August 30 2014 Latest news:
Tuesday, May 1, 2012
Well, shots rained in on goal as home-based footballers tried their level best to come out on top. But that’s enough about the half-time crossbar challenge.
If we were still in the Championship our season would have been over by 5.30pm on Saturday. It’s a rare occasion when you almost wish we were still there.
The weather was dreadful, we kicked off long after everyone else had finished and there was a definite lack of intensity and purpose in the air at Carrow Road on Saturday. It was pretty much a non-event.
At the moment the end of the 2011/12 campaign can’t come soon enough. The ultimate objective has been achieved and that’s that. We didn’t have to wait until Sunday afternoon for mathematical certainty – it’s been obvious ever since beating Wolves.
Other than the win at Tottenham the final six fixtures are turning out to be as hard as could have been expected – but that still doesn’t make the last three weekends any better.
I suppose Manchester City’s visit won’t be forgotten for a result which could yet play a key part in the title race, and Saturday’s goals fall into a similarly memorable category, but much of the actual games themselves? Totally forgettable.
And another thing that is being forgotten is the season up until Easter, when the real work was done.
All right, it doesn’t really matter now that the results aren’t going our way and that the only constant factor of our teams are the endless change and experimentation.
But it would next season.
And with two games left we need a good result to take into 2012/13 rather than what is beginning to seem increasingly likely: a run of five straight defeats.
This is perhaps the last time we can cite circumstances such as previous lack of Premier League experience and looking at where we were a couple of years ago. (Bristol Rovers, for the record.)
By the time we face the likes of Liverpool next season the novelty of us being in the top flight will have gone and it will be all about the grind of getting to 40 points and a particularly future-changing third successive season in the Premier League.
And you’d also like to think we’ll have something of a more settled line-up by then.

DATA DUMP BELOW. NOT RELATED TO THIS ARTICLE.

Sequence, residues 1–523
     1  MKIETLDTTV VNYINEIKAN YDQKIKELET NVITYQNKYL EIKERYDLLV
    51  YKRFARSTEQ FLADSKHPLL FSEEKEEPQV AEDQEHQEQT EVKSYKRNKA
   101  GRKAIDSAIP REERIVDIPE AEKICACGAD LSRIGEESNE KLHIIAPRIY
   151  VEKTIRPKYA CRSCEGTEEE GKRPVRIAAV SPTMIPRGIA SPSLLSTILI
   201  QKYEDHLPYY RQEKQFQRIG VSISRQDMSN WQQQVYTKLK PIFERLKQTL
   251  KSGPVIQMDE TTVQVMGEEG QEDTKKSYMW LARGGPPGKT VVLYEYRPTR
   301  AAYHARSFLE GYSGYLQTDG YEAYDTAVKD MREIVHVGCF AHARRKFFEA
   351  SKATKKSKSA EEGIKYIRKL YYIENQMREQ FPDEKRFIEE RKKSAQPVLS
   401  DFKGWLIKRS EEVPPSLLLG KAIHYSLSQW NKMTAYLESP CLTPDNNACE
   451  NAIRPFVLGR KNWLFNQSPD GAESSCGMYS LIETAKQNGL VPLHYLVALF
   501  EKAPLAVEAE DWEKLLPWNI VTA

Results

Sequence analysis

Perhaps it was another afternoon of managerial experimentation or making a point in the way that if rumour is to be believed, Nigel Worthington is supposed to have played Ian Henderson and Ryan Jarvis up front in a League Cup defeat at Northampton to prove the paucity of his striking options. But for the first 50 minutes all that Saturday’s game did was make you wonder where next season’s goals are going to come from. At least we posed some threat up front against Manchester City.
Steve Morison perhaps needed support, but definitely service, after things didn’t work out for him at Fulham last month.
Fourteen goals conceded during the course of April wouldn’t be so bad if you could see anything approaching a guaranteed source of goals at the other end. The contrast between the win at Tottenham and Saturday’s defeat was all too obvious.
Liverpool came here only three points ahead of us in the table and with other things on their minds.
But to get anything from the Premier League you have to be at the top of your game from start to finish. That just didn’t happen, and we were punished for it.
QPR’s hammering yesterday ought to keep Aston Villa up now. We need to end the season on a high in a fortnight’s time and be an awful lot more on our game than we were against Liverpool.
I don’t mind losing to high-quality pieces of finishing like Saturday’s when City have given a good account of themselves, but we really just didn’t turn up.
We have to do that against Aston Villa and set a marker for what you are beginning to sense might be a very difficult 2012/13 campaign.
• AWAY FANS DESERVE TO BE REWARDED FOR LOYALTY TO THE CLUB